Made this last night following the recipe exactly and it was great!
Yes the mustard component is strong, but it works well with the other ingredients, and it means you get a lot of flavor without adding a ton of dressing to the salad - which is the way it should be, right? This is definitely going to become a standby.
Donna C. June 25, 2014
Used 1 1/2 tbsp. of Dijon and 2 Tsp. of Ruby Red Port...amazing! I added green onions to my salad greens to compensate for lack of shallots.
I_Fortuna June 22, 2014
I agree that it is way too much mustard and some tarragon and shallots would be more desirable. The oil seems like a lot for only 1 1/2 Tbs. of vinegar but that may be because I use Bragg's apple cider vinegar that is seems not so acidic. The wine, if it is good is o.k. but can offer a bitter note in a salad dressing if it is not good quality. I do add a dash of white pepper so my dressing has a little snap to it. Personally I just eyeball my dressing and it always comes out the same. I usually only measure when baking or making a recipe for the first time and even then I tweak it.
JadeTree June 22, 2014
This is a fun tip! This will be great in winter when the red wine is plentiful and the fresh herbs less in evidence.
Carol H. June 22, 2014
Needs garlic and onions and Italian seasoning.
Alyce M. June 22, 2014
Lots of great ideas here...including the original recipe! I think what really whips a green salad into shape, though, is a big squeeze of fresh lemon juice followed by salt and pepper and a good toss-- before the vinaigrette is added.
bobbe June 22, 2014
great tip!
Beth A. June 22, 2014
I think a lot of folks missed the premise of this recipe - you are in a summer rental or borrowed kitchen without control over ingredients. I too would use less mustard only because I like a little, not a lot, and if the rental had a good mustard, great, but often there is only yellow paint (to use my son's term for the common yellow mustard).
sel June 22, 2014
the dressing was a little too thick....it was because of the mustard, i cut
half it back and the results were much better.....may i also ingest the idea
of adding a bit of cane sugar to this....believe me it taste so much better.
Just noticed the idea of powdered mustard, great input....it works nicely and
not such a thick dressing.....
june C. June 22, 2014
Hi Kristen ~ I heard the pioneer woman whip 1 lb of soft butter and maybe 8 blackberries barely mixed in at the end wrap in celephane and foil and freeze. I added coconut sugar and cinnamon. I loved it. Mostly I loved the texture of whipped butter you end up using a lot less butter/calories which is important to me! I think I'm whipping 1/2 lb butter adding minced garlic and rosemary next time? Whipped butter in my stand up mixer is awesome! I love it! I also love your blog....thanks j
viviancooks June 22, 2014
omg! where are the shallots?!?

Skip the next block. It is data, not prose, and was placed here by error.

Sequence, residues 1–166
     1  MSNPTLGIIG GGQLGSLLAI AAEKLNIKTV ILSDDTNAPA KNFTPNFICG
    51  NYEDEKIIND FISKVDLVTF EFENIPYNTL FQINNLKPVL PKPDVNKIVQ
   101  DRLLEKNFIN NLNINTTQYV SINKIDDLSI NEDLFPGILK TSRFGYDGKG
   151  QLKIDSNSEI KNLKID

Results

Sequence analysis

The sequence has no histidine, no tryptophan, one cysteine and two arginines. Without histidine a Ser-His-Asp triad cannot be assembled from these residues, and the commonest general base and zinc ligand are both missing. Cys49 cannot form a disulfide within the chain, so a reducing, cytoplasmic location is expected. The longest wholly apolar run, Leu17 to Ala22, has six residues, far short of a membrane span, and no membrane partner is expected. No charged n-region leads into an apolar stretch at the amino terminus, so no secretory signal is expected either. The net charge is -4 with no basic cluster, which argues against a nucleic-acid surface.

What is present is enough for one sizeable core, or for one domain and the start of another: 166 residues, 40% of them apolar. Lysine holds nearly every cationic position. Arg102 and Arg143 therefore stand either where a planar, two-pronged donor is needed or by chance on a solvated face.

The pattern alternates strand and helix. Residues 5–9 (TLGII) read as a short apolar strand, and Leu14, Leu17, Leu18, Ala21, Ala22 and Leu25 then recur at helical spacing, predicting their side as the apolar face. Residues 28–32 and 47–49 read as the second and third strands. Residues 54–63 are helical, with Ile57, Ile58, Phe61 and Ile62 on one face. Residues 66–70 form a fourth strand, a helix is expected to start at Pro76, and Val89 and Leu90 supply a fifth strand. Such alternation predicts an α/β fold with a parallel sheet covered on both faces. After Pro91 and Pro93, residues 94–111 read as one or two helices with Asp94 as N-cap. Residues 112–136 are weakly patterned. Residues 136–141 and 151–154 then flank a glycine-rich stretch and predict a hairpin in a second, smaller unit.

For me, cider vinegar, olive oil, honey, salt, pepper, English mustard powder and a pinch of sugar. Shake together vigorously in a screw topped jar and keeps in the fridge if necessary. So quick to make I always try to make the right amount.
Marian B. June 21, 2014
I love how pink the end result is! I can't wait to try this, especially now that I have more reason *not* to finish an entire bottle of wine by myself in two days.
Summer O. June 19, 2014
I like to add fresh herbs and a little salt to liven up my salads.
Sera S. June 19, 2014
Is it possibile to use other vinegars (e.g. balsamic, white wine) in the recipe instead of red wine vinegar?
AntoniaJames June 18, 2014
Wine also takes pickles to a new level - I learned that from Paul Virant's outstanding "Preservation Kitchen." ;o)
Horto June 24, 2014
where are you putting wine in pickles? in the process, that is!
Lisa June 18, 2014
After years of trial and error, the secret to my success was thanks to Ina Garten, who calls for champagne vinegar in her Vinaigrette for Green Salad:

1 tsp. Dijon mustard
1 tsp. minced fresh garlic
3 TB champagne vinegar
1 tsp. kosher salt
1/2 tsp. freshly ground black pepper
Et voila!
Lisa June 18, 2014
Whoops! forgot a very important detail: 1/2 cup olive oil!!!
Keren June 18, 2014
Reminds me of an old, very easy favorite dressing: 1 part red wine, 1 part lemon juice, 1 part olive oil, minced garlic to taste, S&P. Can be mixed directly in the jar and keeps like a dream.
Sharyn G. June 18, 2014
Dijon, fresh garlic, and tarragon is my favorite vinaigrette.
JohnL June 22, 2014
Your favorite vinaigrette reminds me of one of my favorites. Several years ago I happened to try one of Ken Hom's recipes from his East-West cookbook. I'm posting his recipe for Cold Tomato Cubes Tossed in Tarragon and Sesame Oil. What a genius he is to think of combining Asian sesame oil with fresh tarragon. It's not hard to throw together and I just love it. It always tastes as wonderful as the first time tried it.